Grab your kayak and your paddle, because Winter Park might be purchasing a large chunk of wetland surrounding a local creek.
Winter Park city commissioners will decide whether to purchase 55.6 acres of natural wetland during their Aug. 14 meeting. The purchase would give the city an opportunity to preserve a wetland while giving residents a new natural park space.
The land is made of seven parcels surrounding Howell Creek just north of Howell Branch Road, with 12.2 acres located in Maitland and the rest located within Winter Park city limits.
That mass of wetland currently belongs to two property owners. About 32 acres belong to JBC Land, while the remaining land is owned two-thirds by JBC Land and one-third by resident Jerry Banks.
The opportunity to buy the natural land came as a result of a state grant being put toward the purchase last year. However, city leaders have had this wetland on their wish list for at least 10 years, City Manager Randy Knight said.
“This has been on the city’s legislative agenda for years,” he said. “Years ago, we identified that as a potential park plan for the city. We already own the Public Works Compound up there and the gun range along Howell Creek. Years ago, the commission in a strategic planning session thought this would be a good idea.”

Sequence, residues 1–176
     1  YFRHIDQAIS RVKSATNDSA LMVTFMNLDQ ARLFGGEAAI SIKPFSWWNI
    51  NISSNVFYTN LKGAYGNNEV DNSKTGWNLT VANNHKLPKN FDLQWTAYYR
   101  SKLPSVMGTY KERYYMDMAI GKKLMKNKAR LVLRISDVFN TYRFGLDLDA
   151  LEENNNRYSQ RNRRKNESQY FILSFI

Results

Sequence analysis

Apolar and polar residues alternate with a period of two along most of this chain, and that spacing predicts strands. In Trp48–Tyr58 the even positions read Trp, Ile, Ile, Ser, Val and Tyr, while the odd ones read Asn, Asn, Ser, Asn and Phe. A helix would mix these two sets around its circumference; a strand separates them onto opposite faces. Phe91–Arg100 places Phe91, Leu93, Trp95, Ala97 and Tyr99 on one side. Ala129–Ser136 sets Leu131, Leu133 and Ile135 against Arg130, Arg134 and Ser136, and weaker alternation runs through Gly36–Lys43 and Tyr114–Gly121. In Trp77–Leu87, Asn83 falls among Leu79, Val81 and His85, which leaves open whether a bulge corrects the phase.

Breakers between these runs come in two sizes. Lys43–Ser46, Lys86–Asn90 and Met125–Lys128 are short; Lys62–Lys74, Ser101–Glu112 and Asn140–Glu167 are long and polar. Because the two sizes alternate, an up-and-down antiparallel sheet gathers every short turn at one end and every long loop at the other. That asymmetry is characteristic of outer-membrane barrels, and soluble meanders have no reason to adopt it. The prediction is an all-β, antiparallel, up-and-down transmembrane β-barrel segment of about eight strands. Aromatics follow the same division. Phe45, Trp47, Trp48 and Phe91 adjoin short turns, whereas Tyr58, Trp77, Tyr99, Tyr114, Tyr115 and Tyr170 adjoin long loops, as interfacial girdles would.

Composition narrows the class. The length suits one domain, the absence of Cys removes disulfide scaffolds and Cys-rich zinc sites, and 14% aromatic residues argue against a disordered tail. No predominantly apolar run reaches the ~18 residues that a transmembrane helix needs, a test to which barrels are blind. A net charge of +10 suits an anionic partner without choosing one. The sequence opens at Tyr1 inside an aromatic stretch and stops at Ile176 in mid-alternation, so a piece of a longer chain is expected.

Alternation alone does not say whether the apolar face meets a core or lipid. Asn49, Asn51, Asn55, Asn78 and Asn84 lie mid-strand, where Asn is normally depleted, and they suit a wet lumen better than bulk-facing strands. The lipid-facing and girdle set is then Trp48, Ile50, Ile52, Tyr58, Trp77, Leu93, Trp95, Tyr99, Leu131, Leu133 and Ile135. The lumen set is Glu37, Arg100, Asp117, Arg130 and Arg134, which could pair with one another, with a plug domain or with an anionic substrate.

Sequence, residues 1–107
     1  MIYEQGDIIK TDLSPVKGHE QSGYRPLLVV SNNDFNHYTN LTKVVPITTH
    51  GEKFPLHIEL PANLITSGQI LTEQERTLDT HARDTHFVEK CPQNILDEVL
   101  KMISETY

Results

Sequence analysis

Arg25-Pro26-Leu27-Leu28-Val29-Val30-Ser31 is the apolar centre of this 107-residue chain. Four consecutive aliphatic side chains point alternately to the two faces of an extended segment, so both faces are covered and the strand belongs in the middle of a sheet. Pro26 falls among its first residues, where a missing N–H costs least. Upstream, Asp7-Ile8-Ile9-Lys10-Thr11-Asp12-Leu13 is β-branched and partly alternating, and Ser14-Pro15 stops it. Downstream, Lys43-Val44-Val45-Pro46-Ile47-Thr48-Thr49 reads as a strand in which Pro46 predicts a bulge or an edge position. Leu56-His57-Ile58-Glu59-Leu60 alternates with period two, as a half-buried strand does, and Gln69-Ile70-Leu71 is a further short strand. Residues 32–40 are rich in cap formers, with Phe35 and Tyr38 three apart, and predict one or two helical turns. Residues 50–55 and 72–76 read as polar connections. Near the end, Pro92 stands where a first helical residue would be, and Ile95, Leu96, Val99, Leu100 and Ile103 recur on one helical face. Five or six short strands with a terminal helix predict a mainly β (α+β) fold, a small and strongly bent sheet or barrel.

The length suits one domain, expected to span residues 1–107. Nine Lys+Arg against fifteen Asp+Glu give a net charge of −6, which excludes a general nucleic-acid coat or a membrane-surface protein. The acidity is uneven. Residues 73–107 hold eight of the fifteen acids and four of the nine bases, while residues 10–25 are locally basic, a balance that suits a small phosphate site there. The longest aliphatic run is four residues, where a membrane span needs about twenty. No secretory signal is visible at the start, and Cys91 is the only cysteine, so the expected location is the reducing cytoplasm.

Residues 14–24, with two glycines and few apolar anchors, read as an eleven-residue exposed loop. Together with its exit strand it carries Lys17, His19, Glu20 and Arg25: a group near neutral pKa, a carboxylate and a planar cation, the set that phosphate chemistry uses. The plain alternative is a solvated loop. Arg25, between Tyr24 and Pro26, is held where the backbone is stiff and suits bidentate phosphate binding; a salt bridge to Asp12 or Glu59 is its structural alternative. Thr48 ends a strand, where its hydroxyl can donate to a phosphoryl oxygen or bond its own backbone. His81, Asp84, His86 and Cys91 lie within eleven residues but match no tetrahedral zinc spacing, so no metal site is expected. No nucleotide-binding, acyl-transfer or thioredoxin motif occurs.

The entire piece of land carries an overall price tag of about $305,000. The state grant would cover about half, while the remaining balance would come from the city’s park acquisition impact fees.
The purchase would give the city a chance to remove invasive species along the creek, allowing the water to flow freely and thus preserving it as a wetland.
“The main purpose for wanting to control it is to be able to control the invasive species of trees and weeds that are out there and take it over from time to time,” Knight said. “It’s important that the creek flows, because that’s how the water flows from the Winter Park chain of lakes through Casselberry and all of Seminole County and ultimately all the way to St. Johns. It’s important to keep it from getting choked out by invasives.”
Acquiring the land also would give residents a place where they can freely kayak without trespassing, Knight said.
Residents would be able to paddle all the way up to Lake Waumpi — a distance of about a mile from Lake Maitland. The new piece of land would be the only natural parkland within city limits other than Mead Botanical Garden, Knight said.
“We have other passive parks along lakes like the Kraft Azalea Garden, but they’re not really maintained in that natural environment, because they’re planted with Azaleas and walking paths,” Knight said. “We think it could be a great amenity providing that opportunity so close to the urban core.”